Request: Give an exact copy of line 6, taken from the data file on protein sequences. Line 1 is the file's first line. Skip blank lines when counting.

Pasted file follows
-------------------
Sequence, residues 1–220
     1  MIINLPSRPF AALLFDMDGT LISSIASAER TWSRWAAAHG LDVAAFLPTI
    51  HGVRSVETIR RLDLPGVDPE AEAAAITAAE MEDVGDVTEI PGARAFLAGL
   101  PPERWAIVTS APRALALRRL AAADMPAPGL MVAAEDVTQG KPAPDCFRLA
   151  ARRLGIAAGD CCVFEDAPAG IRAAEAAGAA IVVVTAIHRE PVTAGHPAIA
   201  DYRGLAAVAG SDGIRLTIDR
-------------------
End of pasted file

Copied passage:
   201  DYRGLAAVAG SDGIRLTIDR